Who owns public resources?

Our recent disagreements with the County Recorder bring up more questions about public resources in general and who controls them.  I suppose that when we elect a representative, we charge them with ensuring our safety and protecting our rights, and in an era of economic uncertainty and fear, it is no wonder that new laws are passed, and that existing laws are reinterpreted that will limit access and degrade available information. Information is a powerful tool, but the result of attempts to hoard knowledge or to legislate the internet is that the information becomes a commodity, available to anyone for a price. As with physical resources, making an item more difficult to get, ups its value. This is contrary to the spirit of democracy, especially if the data has been accumulated with public funds in the first place.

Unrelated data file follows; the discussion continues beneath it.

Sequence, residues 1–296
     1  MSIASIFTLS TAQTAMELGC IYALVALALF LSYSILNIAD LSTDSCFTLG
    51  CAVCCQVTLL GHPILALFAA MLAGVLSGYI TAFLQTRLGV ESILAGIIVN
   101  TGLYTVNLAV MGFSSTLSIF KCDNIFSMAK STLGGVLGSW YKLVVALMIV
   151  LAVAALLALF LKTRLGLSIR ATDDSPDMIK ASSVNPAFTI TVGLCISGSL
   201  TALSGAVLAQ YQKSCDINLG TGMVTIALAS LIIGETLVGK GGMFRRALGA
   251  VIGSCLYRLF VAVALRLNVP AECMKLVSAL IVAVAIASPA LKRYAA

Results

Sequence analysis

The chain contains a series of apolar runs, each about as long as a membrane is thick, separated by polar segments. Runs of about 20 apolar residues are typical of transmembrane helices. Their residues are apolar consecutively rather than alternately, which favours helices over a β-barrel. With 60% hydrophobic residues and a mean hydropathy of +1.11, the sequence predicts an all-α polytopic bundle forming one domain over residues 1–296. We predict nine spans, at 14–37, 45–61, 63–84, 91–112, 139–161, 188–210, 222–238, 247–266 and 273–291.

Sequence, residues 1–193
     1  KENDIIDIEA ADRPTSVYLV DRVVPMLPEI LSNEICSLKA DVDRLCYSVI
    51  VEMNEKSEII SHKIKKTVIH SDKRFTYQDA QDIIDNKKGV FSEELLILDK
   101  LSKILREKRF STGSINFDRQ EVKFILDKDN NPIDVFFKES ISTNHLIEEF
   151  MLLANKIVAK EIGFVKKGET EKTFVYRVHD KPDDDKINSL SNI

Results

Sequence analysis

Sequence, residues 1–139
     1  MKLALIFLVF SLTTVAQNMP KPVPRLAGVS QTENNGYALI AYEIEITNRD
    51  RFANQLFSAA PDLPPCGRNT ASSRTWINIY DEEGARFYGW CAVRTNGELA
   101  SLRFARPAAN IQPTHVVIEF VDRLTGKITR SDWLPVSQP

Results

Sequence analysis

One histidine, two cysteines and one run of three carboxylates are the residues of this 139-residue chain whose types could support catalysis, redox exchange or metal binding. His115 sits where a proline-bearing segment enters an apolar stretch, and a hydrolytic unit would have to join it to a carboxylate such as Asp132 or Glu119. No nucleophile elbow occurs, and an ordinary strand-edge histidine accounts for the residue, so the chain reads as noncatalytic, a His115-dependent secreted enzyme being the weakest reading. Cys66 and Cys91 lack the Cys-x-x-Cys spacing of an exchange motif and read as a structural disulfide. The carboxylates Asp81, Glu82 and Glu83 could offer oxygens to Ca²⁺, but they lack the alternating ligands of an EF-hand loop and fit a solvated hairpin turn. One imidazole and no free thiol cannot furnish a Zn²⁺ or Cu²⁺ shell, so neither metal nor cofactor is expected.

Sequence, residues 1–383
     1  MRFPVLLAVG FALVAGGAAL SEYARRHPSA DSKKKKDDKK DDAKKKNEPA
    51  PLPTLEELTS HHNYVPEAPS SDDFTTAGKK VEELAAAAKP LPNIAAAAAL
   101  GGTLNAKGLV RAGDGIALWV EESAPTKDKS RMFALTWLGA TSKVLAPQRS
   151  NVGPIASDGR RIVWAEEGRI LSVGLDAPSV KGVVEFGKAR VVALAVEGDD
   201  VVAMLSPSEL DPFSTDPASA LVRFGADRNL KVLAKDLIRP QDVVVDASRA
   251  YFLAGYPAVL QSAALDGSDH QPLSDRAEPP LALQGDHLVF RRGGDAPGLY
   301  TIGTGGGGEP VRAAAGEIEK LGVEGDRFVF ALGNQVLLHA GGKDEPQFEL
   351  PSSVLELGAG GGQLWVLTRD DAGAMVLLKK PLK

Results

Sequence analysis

This incident with our Recorder is similar to the information obtainable from GPS receivers.  From its inception the GPS signals have been intentionally degraded by the military in order to make precise positioning more difficult for civil users.  Cheap hand-held units are readily available, but with the military’s “selective availability” switched on, the accuracy achievable is not adequate for many purposes. To overcome this degradation, the surveying community has developed differential positioning.  The system we use is expensive and cranky, and after having made the investment in the technology to beat the technology that was built to mask the system that was too good, I need to charge adequate rates to recoup my equipment and repair costs, upping the price for everyone. The clear GPS signal is still available to the military and perhaps to other users with the appropriate clearances.  Concerns about terrorists or foreign agents using the signals to endanger the public may be legitimate, but my tendency is to believe that the greater good is served by sharing knowledge as it becomes available, and by removing barriers rather than by constructing them.